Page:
The 2016 United States Bowling Congress Convention and Annual Meeting is ready to unfold at The Orleans resort in Las Vegas April 26-29, with the 27th devoted to education, and the 28th and 29th to the annual meeting.
The 2016 USBC Hall of Fame induction ceremony — honoring Mike Durbin, Kim Adler, Steve Kloempken, Harry Sullins and Joan Romeo — will be held on the evening of the 28th.
There will be sessions devoted to increasing tournament participation, the future of associations, membership recruitment and retention, and information technology, plus networking opportunities for association managers and officers, as well as state association board members. There will be a chance to meet the board candidates prior to voting on them.
But it’s the legislative session upon which all eyes and ears will be focused, as delegates vote on two amendments related to league rules, one to tournament rules, and four to bylaws.
Bylaw proposals one and two would require non-merged local and state associations, respectively, to be merged by Aug. 1, 2018. At the 2015 convention, similar legislation just barely missed being approved, but things could be different this year.
Since last year’s convention, one of the most influential people in Texas bowling, proprietor Jamie Brooks, has gotten involved in getting the associations in Dallas to work toward a merger. Should the Dallas opposition turn to support this year, all other things being equal, the merger legislation would pass.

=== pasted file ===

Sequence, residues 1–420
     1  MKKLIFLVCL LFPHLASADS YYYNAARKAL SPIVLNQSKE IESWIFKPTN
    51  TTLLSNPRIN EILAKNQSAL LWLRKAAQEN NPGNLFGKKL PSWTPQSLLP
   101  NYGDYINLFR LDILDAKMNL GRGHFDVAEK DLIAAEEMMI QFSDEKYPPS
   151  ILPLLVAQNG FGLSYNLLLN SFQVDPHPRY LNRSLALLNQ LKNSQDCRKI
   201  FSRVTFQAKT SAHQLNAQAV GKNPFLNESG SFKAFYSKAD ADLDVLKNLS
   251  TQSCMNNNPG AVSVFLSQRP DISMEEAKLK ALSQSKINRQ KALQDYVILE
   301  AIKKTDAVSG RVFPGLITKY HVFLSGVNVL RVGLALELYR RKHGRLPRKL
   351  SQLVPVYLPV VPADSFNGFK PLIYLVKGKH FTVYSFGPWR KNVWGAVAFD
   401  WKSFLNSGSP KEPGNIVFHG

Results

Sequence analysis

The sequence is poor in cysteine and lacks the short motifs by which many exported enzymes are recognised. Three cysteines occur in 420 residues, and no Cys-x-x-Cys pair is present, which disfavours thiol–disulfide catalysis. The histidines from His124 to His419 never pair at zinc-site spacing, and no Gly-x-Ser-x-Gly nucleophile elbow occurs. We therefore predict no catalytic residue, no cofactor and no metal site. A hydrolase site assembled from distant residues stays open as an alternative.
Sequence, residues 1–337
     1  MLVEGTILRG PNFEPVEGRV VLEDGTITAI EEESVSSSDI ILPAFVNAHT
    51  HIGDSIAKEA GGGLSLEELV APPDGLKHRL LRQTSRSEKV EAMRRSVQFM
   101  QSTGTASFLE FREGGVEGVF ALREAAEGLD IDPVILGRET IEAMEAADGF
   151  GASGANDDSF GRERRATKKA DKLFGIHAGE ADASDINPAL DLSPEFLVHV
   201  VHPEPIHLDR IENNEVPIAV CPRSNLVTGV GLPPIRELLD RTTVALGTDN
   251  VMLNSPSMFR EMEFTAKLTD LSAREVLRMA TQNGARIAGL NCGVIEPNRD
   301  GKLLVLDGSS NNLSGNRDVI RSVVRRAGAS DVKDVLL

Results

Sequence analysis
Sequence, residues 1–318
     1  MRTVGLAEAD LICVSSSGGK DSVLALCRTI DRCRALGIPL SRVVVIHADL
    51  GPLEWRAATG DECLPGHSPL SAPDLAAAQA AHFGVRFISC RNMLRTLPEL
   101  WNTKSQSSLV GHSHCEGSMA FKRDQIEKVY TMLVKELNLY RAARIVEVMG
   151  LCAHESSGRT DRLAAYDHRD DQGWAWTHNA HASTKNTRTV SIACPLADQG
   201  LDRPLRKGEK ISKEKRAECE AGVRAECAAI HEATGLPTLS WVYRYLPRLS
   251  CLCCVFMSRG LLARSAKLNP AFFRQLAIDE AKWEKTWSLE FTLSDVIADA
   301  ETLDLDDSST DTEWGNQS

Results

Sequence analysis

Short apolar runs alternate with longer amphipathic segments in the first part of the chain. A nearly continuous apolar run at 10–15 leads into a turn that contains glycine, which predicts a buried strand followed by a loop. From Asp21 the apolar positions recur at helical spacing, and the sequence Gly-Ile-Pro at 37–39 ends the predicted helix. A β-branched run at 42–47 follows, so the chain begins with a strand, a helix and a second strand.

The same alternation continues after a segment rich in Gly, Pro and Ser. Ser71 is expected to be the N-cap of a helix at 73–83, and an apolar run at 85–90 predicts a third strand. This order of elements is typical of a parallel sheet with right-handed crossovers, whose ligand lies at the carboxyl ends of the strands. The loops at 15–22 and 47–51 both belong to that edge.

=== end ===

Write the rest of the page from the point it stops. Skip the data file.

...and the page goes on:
(Brooks, coincidentally, will be honored at the convention with the Joyce Deitch Unity Award. Other honorees include Rhonda Swaim of Harvest, Ala., the Helen Baker Award for Outstanding Association Service; and Jon Tang and Tom Burke of Beaverton, Ore., the USBC Proprietor of the Year Award.)
Mandatory merger legislation has been proposed several times since the USBC came into being in 2000, thus far without success. This year, USBC officials hope their “future for the sport” focus will motivate delegates to see the value of merging local and state associations and act upon it.
Even more critical, though, is bylaw proposal three, which would allow national USBC dues to be raised to a maximum of $15. Dues increases also have been proposed and shot down in the past by delegates, sometimes resulting in rounds of layoffs at the International Bowling Campus in Arlington, Texas.
Now, however, the feeling is that the USBC staff has been cut as much as it can be, so if new revenue isn’t generated through a dues increase, services will have to be trimmed — if not immediately, then in the not-too-distant future.
For that reason, the USBC Board of Directors is not taking a neutral position on the proposal; it’s fully backing it.
“Approval will support future funding for key association services such as regional managers, rules counselors and WinLABS support,” the Board wrote as part of its recommendation for adoption. “It ensures future investment in technology such as WinLABS, Bowl.com and the new mobile app. Approval also continues support of our investment in youth programs and competitive bowling such as the PWBA Tour, USBC Masters and Queens. It allows us to continue showcasing bowling on television to inspire the next generation and develop new coaching material for members everywhere.”
BJI will have full coverage of the convention in the June issue. Also look for breaking news from Las Vegas on bowlersjournal.com.